Added on by suana verelst.

what a beautiful start to this new year 2017 ! thank you 3x3 magazine for this award for my book cover design and interior illustrations of the story warhorse !! curious what it looks like ? just head over here for my entry in the 3x3mag | annual 13 ! :)






Added on by suana verelst.

contrasting experiences : city life memories and nature's abundance in the country with a very first- and second garlic harvest :)) expériences contrastées : souvenirs de la vie de la ville et l'abondance de la nature dans le pays avec une première et deuxième récolte d'ail :) )


Added on by suana verelst.

wow! 3x3, the magazine for contemporary illustration, professional show winners no.13, granted my three book illustrations and the full cover for the book war horse by michael morpurgo an "honorable mention"  [for the category professional show, unpublished]  ! T H A N K you to the judges and 3x3 !!

the cover of the book illustrates the blood-stained episode of world war I and the terrified war horse with gas mask...

three different emotional scenes from three chapters from the book war horse written by michael morpurgo...

ill.1 :
[love/admiration boy for horse] : "... two heads appeared at my door. One was that of a young boy who looked at me for a long time, considering me carefully before his face broke into a beaming smile."

ill.2 :
[shame/guild/sadness old farmer] : "...'you'll look after him,sir ?' he said. 'you'll see he comes to no harm ? my son's very fond of him you see.'..."

[loss of hope and will to live/devastation, soldier and horse] : "if i have to die out here away from my home," friedrich confided to topthorn one day, "i would rather die alongside you. but i'll do my best to see to it that we all get through and get back home -- that much i promise you." [friedrich tries to pull joey away, yelling at him, but joey is too transfixed by topthorn's death, and upon trying to escape by himself, friedrich is struck by a shell and dies beside topthorn.]


Added on by suana verelst.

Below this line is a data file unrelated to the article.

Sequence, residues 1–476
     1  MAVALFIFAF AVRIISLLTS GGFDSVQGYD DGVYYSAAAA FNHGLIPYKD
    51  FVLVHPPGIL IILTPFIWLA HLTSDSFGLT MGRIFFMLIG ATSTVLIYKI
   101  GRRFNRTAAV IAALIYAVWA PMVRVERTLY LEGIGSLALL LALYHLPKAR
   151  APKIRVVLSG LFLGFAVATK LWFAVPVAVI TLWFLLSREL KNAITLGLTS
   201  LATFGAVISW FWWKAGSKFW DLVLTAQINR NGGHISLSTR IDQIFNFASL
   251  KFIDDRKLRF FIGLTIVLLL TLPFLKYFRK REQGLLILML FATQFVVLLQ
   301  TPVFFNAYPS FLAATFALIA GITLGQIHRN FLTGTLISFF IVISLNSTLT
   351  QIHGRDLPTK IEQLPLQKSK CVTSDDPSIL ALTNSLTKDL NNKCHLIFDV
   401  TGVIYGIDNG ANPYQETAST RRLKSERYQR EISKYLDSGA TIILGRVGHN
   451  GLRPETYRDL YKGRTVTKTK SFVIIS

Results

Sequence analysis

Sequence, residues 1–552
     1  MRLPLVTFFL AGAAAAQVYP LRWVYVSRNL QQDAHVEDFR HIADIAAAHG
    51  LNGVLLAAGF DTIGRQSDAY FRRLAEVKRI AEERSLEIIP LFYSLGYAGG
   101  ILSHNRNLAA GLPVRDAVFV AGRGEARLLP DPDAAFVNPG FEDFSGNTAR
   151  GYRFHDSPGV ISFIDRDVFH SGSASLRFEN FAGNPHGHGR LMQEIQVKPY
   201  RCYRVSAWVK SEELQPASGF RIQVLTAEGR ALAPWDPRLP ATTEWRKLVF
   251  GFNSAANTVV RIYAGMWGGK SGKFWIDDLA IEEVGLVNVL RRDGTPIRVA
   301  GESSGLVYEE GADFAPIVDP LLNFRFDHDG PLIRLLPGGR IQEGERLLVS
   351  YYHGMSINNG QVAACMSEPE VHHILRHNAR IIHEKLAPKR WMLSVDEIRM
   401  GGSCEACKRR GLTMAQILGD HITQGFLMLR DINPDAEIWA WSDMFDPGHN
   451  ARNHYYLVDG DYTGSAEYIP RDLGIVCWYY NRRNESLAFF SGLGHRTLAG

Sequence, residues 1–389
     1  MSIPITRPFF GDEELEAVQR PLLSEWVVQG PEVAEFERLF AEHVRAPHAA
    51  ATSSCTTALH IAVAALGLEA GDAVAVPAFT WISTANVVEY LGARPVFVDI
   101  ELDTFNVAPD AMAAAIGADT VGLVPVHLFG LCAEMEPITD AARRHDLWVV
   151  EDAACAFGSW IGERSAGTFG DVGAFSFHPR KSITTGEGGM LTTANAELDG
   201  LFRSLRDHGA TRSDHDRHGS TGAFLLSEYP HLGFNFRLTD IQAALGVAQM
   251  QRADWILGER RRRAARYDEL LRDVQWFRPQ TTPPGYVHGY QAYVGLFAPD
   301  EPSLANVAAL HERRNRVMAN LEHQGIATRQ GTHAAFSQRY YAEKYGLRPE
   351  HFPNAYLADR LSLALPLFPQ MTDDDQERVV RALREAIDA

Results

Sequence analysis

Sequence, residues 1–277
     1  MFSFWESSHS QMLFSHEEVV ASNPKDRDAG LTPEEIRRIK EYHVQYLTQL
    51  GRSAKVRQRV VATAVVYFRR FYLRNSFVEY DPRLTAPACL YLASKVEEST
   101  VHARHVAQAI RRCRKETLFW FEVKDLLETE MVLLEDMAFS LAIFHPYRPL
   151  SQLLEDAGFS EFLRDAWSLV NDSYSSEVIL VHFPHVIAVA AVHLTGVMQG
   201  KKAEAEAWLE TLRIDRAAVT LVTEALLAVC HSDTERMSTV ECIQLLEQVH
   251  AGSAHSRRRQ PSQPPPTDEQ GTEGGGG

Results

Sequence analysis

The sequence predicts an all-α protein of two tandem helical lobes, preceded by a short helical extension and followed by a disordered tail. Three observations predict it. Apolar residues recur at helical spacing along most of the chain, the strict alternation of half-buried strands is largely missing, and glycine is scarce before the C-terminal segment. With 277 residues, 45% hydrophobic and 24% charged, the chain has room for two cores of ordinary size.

The leaves are falling, falling as if from far up, as if orchards were dying high in space.

Each leaf falls as if it were motioning "no."

And tonight the heavy earth is falling away from all other stars in the loneliness.

We're all falling. This hand here is falling. And look at the other one. It's in them all.

And yet there is Someone, whose hands infinitely calm, holding up all this falling.

~ Rainer Maria Rilke


Added on by suana verelst.

good advice and inspiration:

"Dear Stephen, The best advice I could possibly give you, and forgive me if this seems glib, is to work. Work. Work. Work. Every day. At the same time every day. For as long as you can take it every day, work, work, work. Understand? Talent is for shit. I've taught school for nearly thirty years and never met a student who did not have some talent. It is as common as house dust or kudzu vine in Alabama and is just about as valuable. Nothing is as valuable as the habit of work, and work has to become a habit. This I learned from Flannery O'Connor. Read her. Read her letters especially, and her essays. You will learn more about what it is you want to do from people like her and Ben Shahn and Eudora Welty than you will ever learn from drawing classes. Read. Read. Read. You are in the business of words more than pictures. You must understand words and the craft and art of putting words together to move men's souls and minds and hearts. Listen to music. Listen to Bach's Art of the Fugue and the Goldberg Variations over and over and over. Every day, day after day after day until you begin to sense, if not understand, what he is up to. Then try to implement what you intuit from Bach into your own work. I don't care if you don't like classical music. Do it. It is invaluable, but you have to listen, and then don't listen. Let it fill your mind at one moment and then let it flow over you and into you until you are paying it no attention whatever. Bach will teach you form and structure and rhythm and all sorts of things you never imagined. Second to the value of work is the willingness to fail. Faulkner said that to not fail is to be perfect and that if we ever did anything perfect nothing would remain but to cut the throat. Experiment and fail. Move on. Experiment and fail. Move on. Always keep in motion and finish the job even if it is not exactly what you hoped it would be, is not as good as it could be. It will never be as good as it could be. But each time you must try to make it as good as it could be. Its shortcomings will reveal themselves in time, sometimes to your embarrassment, but that's ok. It's part of the growth process. Failure is the foundation of growth. I've done over 200 books and not one of them is perfect. But.I would rather have the 200 imperfect books that comprise my history and mark the vectors of my path through my art form than to have one perfect book which would comprise nothing but its own perfect self and denote no vectors of a life lived, and an art form struggled with and occasionally, very occasionally, bested. More I cannot advise you except (as corny and prosaic as it may seem) put love first in your life, love of yourself and your work and of other people, and of whatever things of the spirit move and motivate you, and to have fun and maintain a fierce sense of humor. There is nothing so serious or important that it can't be laughed at, or even poked a little fun at. Practice safe sex. Don't do heavy drugs. Don't get drunk and drive a car. Eat your greens. Get plenty of sleep. very best wishes. Thank you ladies and gentlemen. " -Barry Moser